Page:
UK eyes permanent medic ‘reserve force’ to bolster NHS

The British government is exploring plans to build a permanent reserve force of medics to support the NHS, following the success of its call for retired clinicians to return to the frontline of the coronavirus crisis.

Sarah Neville and Laura Hughes in London yesterday www.ft.com 

More than 30,000 retired doctors and nurses signed up to help during the Covid-19 emergency, in what health leaders described as “the biggest recruitment drive the NHS has ever seen”.

One person familiar with the initiative, which has the backing of Downing Street and the health department, likened the potential new force to the Army reserve, in which thousands are trained to serve alongside regular troops if and when required.

Clinical staff would similarly keep skills up to date through regular deployments, the person said.

Government officials confirmed ministers were considering whether to establish a permanent reservist force of medical staff after the pandemic. “We all think it’s a really sensible idea”, said one. “It’s definitely being discussed and considered as it makes sense.” 

Another added that keeping the huge numbers of NHS volunteers on as a permanent resource for the “foreseeable future” could “ensure capacity built up within the NHS is maintained”. 

The NHS is beset by workforce shortages, which are set to worsen as it attempts to resume normal services that were put on hold during the peak of the pandemic.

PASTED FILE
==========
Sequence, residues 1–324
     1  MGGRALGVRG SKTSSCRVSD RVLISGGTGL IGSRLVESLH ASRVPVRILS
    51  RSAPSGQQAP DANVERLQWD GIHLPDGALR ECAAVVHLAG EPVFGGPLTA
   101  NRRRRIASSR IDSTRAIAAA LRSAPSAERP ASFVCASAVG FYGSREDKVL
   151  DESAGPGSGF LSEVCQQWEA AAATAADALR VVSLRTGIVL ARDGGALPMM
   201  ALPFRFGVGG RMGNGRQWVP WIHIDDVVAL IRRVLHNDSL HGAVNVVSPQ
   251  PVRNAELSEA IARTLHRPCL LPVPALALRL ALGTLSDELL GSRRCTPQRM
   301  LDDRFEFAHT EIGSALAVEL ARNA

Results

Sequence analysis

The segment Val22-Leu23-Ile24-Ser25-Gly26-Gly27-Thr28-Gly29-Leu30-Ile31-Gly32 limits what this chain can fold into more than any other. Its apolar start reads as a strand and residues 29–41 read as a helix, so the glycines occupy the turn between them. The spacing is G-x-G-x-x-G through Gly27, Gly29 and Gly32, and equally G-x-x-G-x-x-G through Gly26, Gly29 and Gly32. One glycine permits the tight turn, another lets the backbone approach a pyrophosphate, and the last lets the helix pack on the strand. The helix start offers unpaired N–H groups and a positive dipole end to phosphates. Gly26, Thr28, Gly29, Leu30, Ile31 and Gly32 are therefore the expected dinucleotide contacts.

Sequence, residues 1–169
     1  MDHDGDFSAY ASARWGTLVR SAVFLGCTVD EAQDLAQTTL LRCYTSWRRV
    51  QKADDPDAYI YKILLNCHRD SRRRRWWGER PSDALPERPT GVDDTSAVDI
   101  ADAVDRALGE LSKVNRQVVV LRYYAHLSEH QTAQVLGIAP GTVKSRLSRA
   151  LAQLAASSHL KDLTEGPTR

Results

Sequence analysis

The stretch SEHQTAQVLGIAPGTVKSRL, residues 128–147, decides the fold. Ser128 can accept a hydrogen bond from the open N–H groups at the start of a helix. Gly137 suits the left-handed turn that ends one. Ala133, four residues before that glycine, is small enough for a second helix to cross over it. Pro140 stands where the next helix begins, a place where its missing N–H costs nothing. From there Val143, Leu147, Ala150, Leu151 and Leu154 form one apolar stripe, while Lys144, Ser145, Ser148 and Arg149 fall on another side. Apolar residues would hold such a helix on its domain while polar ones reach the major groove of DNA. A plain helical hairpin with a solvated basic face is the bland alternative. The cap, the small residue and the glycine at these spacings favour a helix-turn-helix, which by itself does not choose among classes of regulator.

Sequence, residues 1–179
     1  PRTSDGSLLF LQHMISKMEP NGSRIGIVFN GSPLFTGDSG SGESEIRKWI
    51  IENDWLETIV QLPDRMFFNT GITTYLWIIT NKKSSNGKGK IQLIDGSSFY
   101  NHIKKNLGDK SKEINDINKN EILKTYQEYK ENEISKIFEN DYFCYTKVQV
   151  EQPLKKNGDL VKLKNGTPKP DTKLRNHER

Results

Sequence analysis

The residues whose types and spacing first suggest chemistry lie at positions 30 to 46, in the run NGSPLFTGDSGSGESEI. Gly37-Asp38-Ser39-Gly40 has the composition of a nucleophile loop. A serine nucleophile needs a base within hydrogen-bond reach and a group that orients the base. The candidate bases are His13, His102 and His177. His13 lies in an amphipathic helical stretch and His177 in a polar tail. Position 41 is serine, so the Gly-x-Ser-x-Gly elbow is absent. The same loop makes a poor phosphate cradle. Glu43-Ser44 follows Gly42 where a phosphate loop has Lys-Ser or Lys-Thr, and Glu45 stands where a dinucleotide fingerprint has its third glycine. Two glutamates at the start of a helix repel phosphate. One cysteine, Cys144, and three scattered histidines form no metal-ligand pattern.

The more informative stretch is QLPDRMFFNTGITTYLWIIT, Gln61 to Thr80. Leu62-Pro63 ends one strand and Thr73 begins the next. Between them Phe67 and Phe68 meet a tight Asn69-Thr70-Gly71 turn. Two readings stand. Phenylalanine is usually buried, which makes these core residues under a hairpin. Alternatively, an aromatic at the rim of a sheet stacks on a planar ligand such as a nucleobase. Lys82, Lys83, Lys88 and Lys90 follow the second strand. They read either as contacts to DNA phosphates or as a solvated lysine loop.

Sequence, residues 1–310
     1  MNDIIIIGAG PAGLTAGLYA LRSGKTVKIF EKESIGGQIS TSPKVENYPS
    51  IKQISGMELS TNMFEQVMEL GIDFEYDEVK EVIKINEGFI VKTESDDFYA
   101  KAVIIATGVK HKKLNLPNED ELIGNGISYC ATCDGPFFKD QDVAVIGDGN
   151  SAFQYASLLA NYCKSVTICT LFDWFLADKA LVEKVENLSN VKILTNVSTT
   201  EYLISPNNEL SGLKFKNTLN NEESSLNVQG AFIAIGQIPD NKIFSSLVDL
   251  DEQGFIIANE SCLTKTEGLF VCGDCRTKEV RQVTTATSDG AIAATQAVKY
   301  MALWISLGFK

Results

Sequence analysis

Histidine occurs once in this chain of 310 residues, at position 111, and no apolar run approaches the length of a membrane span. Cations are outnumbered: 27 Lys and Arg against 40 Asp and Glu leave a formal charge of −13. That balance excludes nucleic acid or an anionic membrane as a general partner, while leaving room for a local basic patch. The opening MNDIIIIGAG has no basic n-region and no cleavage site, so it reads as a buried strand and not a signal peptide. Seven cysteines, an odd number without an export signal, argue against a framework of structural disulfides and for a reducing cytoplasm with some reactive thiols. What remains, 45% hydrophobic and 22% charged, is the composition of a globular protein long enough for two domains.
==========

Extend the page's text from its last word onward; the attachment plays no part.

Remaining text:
The NHS told the FT that “around 10,000” former staff had now returned to the health service. Alongside existing staff and 27,000 student doctors, nurses and allied health professionals, they had played “a significant role in ensuring that everyone who has needed care over the last two months has been able to receive it”, it added.

Calculations published by the Health Foundation, a charity, late last year suggested that without “concerted policy action and dedicated investment”, NHS staff shortages could grow to up to 200,000 by 2023/24, and at least 250,000 by 2030.

Nursing remained the key area of shortage, it noted, with more than 40,000 vacancies, a figure that could double by 2023/24.

In the March budget, the government confirmed a general election commitment to recruit 50,000 more nurses and deliver 50m additional GP appointments over the lifetime of the parliament.

However, the proposal to invite retirees to become a more established part of the workforce may meet scepticism from some volunteers, who have found the NHS slow to call on their services.

With the NHS now coming through the first peak of the virus, “local leaders are developing plans to safely bring back services and meet delayed demand for care and treatment, meaning that this contribution will remain necessary”. Employers had therefore been asked “to fast-track employment offers, induction and any necessary top-up training for all remaining prospective ‘returners’ over the next two weeks”, the NHS added.